Mitchell County is getting a new recycling shed.
During the Oct. 6 Mitchell County Board of Supervisors meeting, supervisors voted to fund a recycling shed for the Mitchell County Recycle Center, which is administered by the Mitchell County Conservation Department.
Since COVID, many redemption centers are not taking recycled cans and bottles, and the Recycle Center has had a large increase of donated cans and bottles in their donation bins. Adam Shirley, director of Mitchell County Conservation, came before the board to discuss its dilemma.
Shirley pointed out that with cold weather coming, volunteers at the center have no suitable place to sort the recycled cans and bottles, and the volunteers need a heated building where they can work.
“People like the convenience of dropping them (recyclable containers) off here, but basically if we don’t do something now we can’t take them,” said Shirley. He said the center is receiving around $500 bi-weekly for the recycled containers, and those funds are going toward county conservation land acquisition.
Shirley had looked into the cost of a large prefab building with insulation, and a heating and cooling unit and estimated the cost would be around $16,000. The board discussed placing a permanent building on the site, but it was estimated to double the cost. Shirley said his department would provide $4,000 of the funding if the board would approve the rest of the cost for the Recycle Center’s building.
Supervisor Steve Smolik voted against funding the building, stating he felt the money should come out of the Conservation budget, while supervisors Barb Francis and Stan Walk voted to approve the purchase of the prefab building, and the measure was approved.
Mitchell County Economic Development Director Tony Stonecypher brought forth an application for a $50,000 Commercial Incentive Grant for Ben Butcher. Stonecypher said Butcher’s application met all the criteria of the current incentive plan, but when questioned he said the building was more for storing equipment than generating jobs.
“I have hard time with it being used for storage. We are into generating employment,” said Walk.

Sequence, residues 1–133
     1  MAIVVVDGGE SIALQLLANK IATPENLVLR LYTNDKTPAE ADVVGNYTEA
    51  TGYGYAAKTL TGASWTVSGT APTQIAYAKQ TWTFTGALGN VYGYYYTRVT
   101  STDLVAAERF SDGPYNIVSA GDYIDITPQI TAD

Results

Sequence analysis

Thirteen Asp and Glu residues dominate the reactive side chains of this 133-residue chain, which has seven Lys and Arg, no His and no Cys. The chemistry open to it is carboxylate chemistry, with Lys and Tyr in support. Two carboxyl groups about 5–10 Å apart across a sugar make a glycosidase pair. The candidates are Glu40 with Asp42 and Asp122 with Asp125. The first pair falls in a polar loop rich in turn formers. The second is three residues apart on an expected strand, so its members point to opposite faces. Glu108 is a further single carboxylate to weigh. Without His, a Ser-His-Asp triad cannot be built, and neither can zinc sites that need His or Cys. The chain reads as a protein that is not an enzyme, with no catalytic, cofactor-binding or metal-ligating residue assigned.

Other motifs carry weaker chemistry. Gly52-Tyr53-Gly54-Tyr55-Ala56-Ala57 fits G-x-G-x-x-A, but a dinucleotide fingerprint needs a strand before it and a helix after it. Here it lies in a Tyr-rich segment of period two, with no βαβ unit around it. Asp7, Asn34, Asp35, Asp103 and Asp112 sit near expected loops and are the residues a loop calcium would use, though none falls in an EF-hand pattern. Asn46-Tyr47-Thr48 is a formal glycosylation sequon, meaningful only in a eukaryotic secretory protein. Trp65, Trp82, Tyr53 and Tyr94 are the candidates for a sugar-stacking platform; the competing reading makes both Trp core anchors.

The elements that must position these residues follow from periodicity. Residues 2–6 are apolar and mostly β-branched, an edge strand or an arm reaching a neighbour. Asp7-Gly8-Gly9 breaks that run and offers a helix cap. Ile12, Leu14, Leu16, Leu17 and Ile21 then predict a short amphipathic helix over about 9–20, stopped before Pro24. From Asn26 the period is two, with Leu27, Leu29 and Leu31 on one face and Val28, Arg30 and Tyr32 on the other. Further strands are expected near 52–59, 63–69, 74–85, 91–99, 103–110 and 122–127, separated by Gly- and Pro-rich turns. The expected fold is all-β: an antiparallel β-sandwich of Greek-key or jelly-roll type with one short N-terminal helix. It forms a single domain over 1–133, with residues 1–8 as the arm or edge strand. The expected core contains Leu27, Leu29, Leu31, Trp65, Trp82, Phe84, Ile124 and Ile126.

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Smolik, along with Francis echoed the same sentiments.
“I am only approving it because it meets the criteria,” said Smolik. Francis also questioned approving funds for storage space.
County Attorney Mark Walk said he would review the current commercial incentive regulations and see if the board could amend those regulations so future commercial incentive funding could only be used where employment is enhanced.
During his report Sheriff Greg Beaver told the board that a permanent patent has been applied for on the Iowa Rapid Report app which his department in connection with Osage and St Ansgar High School students help to develop in 2018. The app allows students to anonymously report acts of violence, or suspicion of acts of violence to school authorities and local law enforcement.
Beaver said once the permanent patent is approved the app can then be marketed to other schools. Locally, he said the county and his department has made the app available free of charge to all families.
He also pointed out that two burglary suspects had been caught in Osage as a result of citizens quickly responding to seeing something suspicious. He encourages citizen to call in when they see suspicious activity instead of waiting. He stated the actions of the quick call-in and response from the Osage Police Department and his department allowed authorities to apprehend the suspects.
“The Police Department is overloaded with stolen property and are trying to get it identified,” said Beaver.
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